NCMM sent a formal repatriation request to London’s Horniman Museum in January 2022. After the Horniman researched the history of their artifacts, they realized that “these objects were acquired through force, and … it’s both moral and appropriate to return their ownership to Nigeria,” as stated by Eve Salomon, Chair of the Trustees of the Horniman Museum. The Horniman announced in August 2022 that it will repatriate its 72 Benin Bronzes to Nigeria, making it the first British collection of Benin Bronzes to be returned for ethical reasons. Furthermore, this decision follows in the wake of Germany’s repatriation of 1,100 artifacts to Nigeria in July 2022. Is the world now witnessing a movement of European museums returning looted artifacts en masse to their homelands?
The Sign Says “Do Not Touch”
The answer is complicated. While the emerging trend toward repatriation is causing nations to realize the benefits to diplomacy and foreign policy—such as strengthening partnerships and national security—resulting from returning cultural property, governments and laws still act as a roadblock to repatriation in countries such as the United Kingdom. Currently, state-owned institutions in many European nations lack the legal infrastructure to return their collections.
France is one country that has actually enacted new laws to move forward with repatriation. In 2018, President Emmanuel Macron commissioned a report which found that “around 90 to 95 percent of African cultural heritage is found overseas.” Subsequently, the French Parliament passed a bill in December 2020 allowing African artifacts to be returned. This is a strategic display of good faith between two major economic trading partners; French exports to Africa have increased from US$13 billion to US$28 billion over the past 20 years, and foreign domestic investment has increased tenfold from 5.9 billion euros to 64 billion euros. However, other countries that are seeking to increase investment and trade in Africa—like China with its Belt and Road Initiative—have been threatening France’s economic and political influence in the area. Repatriating cultural heritage, therefore, could serve as a way for France to strengthen its relationship with its former colonies in Africa.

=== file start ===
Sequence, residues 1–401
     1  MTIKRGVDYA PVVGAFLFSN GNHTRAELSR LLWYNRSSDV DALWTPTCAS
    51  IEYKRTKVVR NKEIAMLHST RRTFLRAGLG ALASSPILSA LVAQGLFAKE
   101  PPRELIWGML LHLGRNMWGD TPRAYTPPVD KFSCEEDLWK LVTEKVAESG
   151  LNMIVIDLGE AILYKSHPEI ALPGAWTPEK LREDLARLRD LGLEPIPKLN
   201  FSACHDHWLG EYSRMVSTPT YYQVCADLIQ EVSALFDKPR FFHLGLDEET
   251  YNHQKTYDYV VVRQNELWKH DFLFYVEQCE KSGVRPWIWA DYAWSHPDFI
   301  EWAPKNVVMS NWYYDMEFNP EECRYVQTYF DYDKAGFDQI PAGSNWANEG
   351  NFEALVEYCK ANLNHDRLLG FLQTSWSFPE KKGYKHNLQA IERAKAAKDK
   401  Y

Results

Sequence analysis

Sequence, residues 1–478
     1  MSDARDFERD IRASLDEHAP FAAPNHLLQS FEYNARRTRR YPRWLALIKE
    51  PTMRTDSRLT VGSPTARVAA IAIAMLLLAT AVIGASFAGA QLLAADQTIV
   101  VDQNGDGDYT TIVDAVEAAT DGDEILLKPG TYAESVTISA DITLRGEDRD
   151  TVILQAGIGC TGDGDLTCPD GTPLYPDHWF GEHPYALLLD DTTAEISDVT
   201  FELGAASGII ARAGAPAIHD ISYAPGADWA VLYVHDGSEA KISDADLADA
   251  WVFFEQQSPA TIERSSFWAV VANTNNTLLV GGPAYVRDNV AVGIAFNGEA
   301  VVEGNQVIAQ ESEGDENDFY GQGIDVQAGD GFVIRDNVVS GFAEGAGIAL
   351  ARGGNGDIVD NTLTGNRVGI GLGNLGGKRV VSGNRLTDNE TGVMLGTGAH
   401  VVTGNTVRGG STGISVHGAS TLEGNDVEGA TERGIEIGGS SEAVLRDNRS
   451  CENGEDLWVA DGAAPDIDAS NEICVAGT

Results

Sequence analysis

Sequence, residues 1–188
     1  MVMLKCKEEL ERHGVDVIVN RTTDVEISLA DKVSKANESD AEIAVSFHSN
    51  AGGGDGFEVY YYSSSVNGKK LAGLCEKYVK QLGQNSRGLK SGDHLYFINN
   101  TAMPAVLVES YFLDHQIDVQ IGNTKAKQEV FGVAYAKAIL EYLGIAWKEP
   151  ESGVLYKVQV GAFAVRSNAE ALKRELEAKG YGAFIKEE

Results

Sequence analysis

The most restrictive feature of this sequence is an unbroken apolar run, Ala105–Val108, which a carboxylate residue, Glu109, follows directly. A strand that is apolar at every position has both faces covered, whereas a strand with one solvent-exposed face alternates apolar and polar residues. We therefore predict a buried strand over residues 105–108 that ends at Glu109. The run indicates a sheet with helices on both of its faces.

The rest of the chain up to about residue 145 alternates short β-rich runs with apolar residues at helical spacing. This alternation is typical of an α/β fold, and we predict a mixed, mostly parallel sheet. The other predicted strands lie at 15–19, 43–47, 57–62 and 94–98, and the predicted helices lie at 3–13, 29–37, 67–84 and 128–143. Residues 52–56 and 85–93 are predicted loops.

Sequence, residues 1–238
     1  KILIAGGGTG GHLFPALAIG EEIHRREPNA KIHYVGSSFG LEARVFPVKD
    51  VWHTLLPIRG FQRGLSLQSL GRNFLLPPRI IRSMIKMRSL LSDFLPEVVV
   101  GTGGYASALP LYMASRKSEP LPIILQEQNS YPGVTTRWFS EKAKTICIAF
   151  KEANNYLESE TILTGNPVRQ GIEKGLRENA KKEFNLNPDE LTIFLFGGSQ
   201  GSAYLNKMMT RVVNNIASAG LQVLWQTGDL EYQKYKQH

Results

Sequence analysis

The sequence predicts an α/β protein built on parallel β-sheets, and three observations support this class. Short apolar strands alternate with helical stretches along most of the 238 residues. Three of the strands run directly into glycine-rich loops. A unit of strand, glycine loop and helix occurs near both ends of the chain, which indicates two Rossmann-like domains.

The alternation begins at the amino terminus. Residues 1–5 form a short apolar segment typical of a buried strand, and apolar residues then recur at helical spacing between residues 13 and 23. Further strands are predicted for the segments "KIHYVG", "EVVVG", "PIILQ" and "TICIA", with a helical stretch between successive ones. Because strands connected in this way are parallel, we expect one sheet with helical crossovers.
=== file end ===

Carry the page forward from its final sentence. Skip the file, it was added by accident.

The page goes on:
British state-owned institutions, on the other hand, are barred from returning looted artifacts under the British Museum Act of 1963 and the National Heritage Act of 1983. Additionally, the British Government has stated that it is not planning to amend those laws to allow repatriation. The closest the government has gotten is adopting a “retain and explain” policy where contested artifacts are kept on display but contextualized, and the British Museum announced in 2021 that it would lend key artifacts on a long-term basis—yet none of these options are full transferrals of ownership to an artifact’s country of origin. Britain has long been the target of calls for returning stolen antiquities; a 2020 draft of the 27 European Union nations’ negotiations with Britain on their future relationship specifically advocates for the “return or restitution of unlawfully removed cultural objects to their countries of origin.” But, the only hope of British artifact repatriation is attaining enough public outcry to influence new laws.